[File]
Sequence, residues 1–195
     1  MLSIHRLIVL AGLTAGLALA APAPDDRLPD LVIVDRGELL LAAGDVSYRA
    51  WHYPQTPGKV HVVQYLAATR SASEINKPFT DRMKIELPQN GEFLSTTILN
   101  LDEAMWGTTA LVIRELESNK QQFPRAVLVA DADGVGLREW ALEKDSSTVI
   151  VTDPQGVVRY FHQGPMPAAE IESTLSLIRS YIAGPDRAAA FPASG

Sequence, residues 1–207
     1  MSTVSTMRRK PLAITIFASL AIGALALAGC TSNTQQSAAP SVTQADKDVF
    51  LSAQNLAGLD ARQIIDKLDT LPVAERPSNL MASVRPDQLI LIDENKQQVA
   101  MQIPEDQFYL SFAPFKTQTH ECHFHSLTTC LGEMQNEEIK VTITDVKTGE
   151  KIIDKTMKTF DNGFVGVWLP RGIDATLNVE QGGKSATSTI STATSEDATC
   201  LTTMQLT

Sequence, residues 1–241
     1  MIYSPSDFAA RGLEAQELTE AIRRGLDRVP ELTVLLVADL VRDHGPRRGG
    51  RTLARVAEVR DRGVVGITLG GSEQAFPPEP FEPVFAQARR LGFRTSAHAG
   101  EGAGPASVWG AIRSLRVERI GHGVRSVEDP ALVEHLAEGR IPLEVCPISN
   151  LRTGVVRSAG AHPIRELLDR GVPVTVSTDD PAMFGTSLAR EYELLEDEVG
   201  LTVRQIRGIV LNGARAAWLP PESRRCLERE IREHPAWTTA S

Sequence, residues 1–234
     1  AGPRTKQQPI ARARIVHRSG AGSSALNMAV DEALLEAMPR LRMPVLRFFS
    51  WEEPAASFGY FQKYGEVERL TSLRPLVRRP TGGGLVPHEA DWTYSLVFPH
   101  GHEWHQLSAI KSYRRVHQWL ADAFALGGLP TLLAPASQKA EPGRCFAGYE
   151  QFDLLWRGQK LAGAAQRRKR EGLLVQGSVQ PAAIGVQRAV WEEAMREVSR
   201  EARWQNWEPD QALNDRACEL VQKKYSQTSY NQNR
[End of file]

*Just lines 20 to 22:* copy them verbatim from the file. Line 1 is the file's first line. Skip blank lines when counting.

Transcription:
    51  WEEPAASFGY FQKYGEVERL TSLRPLVRRP TGGGLVPHEA DWTYSLVFPH
   101  GHEWHQLSAI KSYRRVHQWL ADAFALGGLP TLLAPASQKA EPGRCFAGYE
   151  QFDLLWRGQK LAGAAQRRKR EGLLVQGSVQ PAAIGVQRAV WEEAMREVSR